Approximate National Civil Defence Expenditures the 1980s in 1987 Cdn $ Per Capita
Nation Cdn $
Norway(NATO) 8.69
Denmark (NATO) 11.79
West Germany (NATO) 7.25
United Kingdom (NATO) 2.35
France (NATO) 0.21
United States (NATO) 0.57
CANADA (NATO) 0.31
Switzerland (NEUTRAL) 42.96
Sweden (NEUTRAL) 18.02
Finland (NEUTRAL) 10.27
Soviet Union (WARSAW PACT) 14.48

History of Emergency Planning in Canada

During the mid to late 1990s certain officials in Emergency Preparedness Canada (EPC) became concerned that the history of Canadian emergency planning in its many configurations was not being recorded for future generations to consider. To mark the 50th anniversary of such planning efforts David McConnell of Heritage Research Associates Inc. Ottawa, ON, was engaged to review relevant documents and to compile such a history. This document appears never to have been formally published as a paper document but it is available in electronic form which is reproduced in the Documents section of this website entitled “Plan for tomorrow …TODAY! The Story of Emergency Preparedness Canada 1948-1998”. There is a single paper copy of the document in the archives of the Diefenbunker Museum.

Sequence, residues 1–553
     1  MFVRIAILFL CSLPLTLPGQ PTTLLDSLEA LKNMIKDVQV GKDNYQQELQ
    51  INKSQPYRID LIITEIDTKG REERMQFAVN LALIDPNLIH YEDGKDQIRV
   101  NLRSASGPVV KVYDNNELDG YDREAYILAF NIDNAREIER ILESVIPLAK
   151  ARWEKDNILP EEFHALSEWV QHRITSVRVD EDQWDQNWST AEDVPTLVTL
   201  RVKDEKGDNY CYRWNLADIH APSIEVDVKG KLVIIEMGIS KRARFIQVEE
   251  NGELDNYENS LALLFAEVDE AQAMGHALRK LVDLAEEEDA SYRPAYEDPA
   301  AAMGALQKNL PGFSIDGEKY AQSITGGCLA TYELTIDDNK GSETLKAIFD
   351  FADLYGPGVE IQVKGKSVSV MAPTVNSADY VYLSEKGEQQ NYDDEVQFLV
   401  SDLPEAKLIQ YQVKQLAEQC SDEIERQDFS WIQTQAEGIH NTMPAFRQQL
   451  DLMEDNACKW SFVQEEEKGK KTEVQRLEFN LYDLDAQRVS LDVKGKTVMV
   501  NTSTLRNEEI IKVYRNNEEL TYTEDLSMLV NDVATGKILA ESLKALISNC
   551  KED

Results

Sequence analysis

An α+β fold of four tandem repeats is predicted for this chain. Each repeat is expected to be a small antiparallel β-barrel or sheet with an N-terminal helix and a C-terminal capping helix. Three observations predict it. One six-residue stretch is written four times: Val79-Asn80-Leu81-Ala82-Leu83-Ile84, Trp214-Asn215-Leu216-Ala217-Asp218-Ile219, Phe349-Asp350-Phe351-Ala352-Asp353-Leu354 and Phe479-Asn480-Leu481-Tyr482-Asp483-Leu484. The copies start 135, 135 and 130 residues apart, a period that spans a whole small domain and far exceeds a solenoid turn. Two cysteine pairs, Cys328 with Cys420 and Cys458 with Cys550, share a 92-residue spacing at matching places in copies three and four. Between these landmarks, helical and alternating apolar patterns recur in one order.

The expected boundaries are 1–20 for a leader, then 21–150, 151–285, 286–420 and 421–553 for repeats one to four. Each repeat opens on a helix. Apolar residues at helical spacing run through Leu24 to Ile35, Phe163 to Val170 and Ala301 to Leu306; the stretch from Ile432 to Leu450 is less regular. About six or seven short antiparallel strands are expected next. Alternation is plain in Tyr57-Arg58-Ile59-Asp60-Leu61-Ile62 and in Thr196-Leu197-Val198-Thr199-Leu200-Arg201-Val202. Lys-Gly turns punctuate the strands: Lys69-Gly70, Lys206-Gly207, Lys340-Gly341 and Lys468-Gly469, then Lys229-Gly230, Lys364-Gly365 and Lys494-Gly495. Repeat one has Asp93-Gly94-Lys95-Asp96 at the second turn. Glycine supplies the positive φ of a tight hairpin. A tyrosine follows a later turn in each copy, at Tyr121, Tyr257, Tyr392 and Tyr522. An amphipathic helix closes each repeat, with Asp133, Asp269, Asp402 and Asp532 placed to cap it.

Table of Contents

Preface

Prologue – Civil Defence in the Second World War: The Air Raid Precautions Organization

Chapter 1 – Civil Defence in Canada: 1948-1957

Chapter 2 – The Rise and Fall of the Emergency Measures Organization: 1957-1968

Chapter 3 – The Fall and Rise of Civil Emergency Measures: 1968-1981

Chapter 4 – The Reform of Civil Emergency Measures: 1981-1988

Chapter 5 – Toward the Millennium — Emergency Preparedness Planning in the 1990s

Chapter 6 – Summary and Conclusion

Bibliography

List of Appendices